Lowery Takes Advantage of Singhs Collapse

By Associated PressFebruary 10, 2008, 5:00 pm
2007 AT&T Pebble Beach Pro-AmPEBBLE BEACH, Calif. -- Having gone more than seven years and 199 tournaments without winning, Steve Lowery had every reason to feel out of his element Sunday.
He was on the 18th tee at Pebble Beach, one of the most famous spots in golf.
He was in a playoff against Vijay Singh, one of golf's toughest customers.
And he never felt more at ease.
Lowery took advantage of a stunning collapse by Singh, who made three straight bogeys on the back nine, then put him away on the first extra hole with a 7-foot birdie putt to win the AT&T Pebble Beach National Pro-Am.
'I couldn't have given it any more in 18 holes,' said Lowery, who closed with a 4-under 68. 'I just told my caddie, 'I've got nothing to lose.' Just go out and play aggressive. If anything, it kind of freed me up a little it. I just felt like I didn't have anything to lose.'
The 47-year-old Lowery became the oldest champion in the 71-year history of this event, and under a variety of circumstances, one of the more surprising winners.
He was No. 305 in the world ranking when he arrived on the Monterey Peninsula. He suffered a freak wrist injury last year that kept him out for three months and gave him temporary status this season. Most surprising of all is that Lowery was three shots behind Singh when he walked off the 14th tee.
Singh made three straight bogeys, only a wedge into 2 feet on the 18th hole for birdie at a 71 allowed him one last chance in a playoff. That didn't last long, as Singh found two more bunkers on the 18th in overtime and did well to make par.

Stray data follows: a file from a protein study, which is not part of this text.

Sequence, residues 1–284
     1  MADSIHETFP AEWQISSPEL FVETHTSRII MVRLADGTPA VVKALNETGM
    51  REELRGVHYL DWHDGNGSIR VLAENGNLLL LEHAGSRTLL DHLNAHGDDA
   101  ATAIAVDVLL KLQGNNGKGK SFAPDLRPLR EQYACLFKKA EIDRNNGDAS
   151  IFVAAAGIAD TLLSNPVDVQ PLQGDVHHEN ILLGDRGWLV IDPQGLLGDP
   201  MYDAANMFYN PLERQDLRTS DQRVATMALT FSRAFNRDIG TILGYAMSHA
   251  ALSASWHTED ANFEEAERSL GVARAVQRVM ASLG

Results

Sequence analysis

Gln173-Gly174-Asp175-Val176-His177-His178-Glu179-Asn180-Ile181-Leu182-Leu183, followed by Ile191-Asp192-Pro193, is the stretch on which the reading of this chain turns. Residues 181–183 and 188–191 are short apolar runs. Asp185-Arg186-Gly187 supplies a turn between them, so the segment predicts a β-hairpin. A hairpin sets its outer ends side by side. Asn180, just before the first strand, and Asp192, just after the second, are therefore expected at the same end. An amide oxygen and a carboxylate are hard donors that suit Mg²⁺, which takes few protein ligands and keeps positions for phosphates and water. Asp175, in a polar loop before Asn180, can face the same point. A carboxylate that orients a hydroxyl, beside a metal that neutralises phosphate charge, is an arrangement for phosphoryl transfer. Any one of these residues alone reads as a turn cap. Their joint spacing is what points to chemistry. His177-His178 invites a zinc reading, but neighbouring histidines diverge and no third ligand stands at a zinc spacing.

Both players finished at 10-under 278.
'I let this one slip away,' Singh said. 'I was in control, but those (bogeys) took a little air out of me. I still should have won the tournament. There's no excuse for that.'
Lowery earned $1.08 million and a two-year exemption. He was on a minor medical extension because of the wrist injury and was given eight tournaments to earn $282,558 to keep his card the rest of the year.
He was only exempt to opposite-field events in Mexico and Puerto Rico the next two months.
Now he's going to the Masters.
It was his first victory since the 2000 Southern Farm Bureau Classic and third in his career, all won in playoffs.
'After seven years and winning on this course against Vijay and everything ... it's probably the most special,' Lowery said.
The first playoff at Pebble Beach since 1992 didn't even seem remotely possibly when Lowery walked off the 14th green with a bogey. He was three shots behind Singh, who had just hit a brilliant flop shot to 6 feet to save par on the 13th.
Turns out that was a sign of sloppy play that followed.
Singh went at the flag on the 14th with a sand wedge from 92 yards, but it was a tad strong and spun down the slope, and the best he could do was chip to 20 feet and make bogey. He missed the 15th green to the left, chipped weakly and missed an 8-footer for par.
The free fall continued on the 16th when Singh hit fairway metal into a bunker, went over the green down a slope to the back bunker and two-putted from the fringe for his third straight bogey.
His only break came on the 18th in regulation, when his tee shot bounced off the trunk of a tree and deflected to the left. No such luck in the playoff, however. From a fairway bunker, Singh's second shot hit the top of the trap, leaving him a 4-iron into the green, and that one caught a plugged lie. He blasted out to 8 feet and saved par.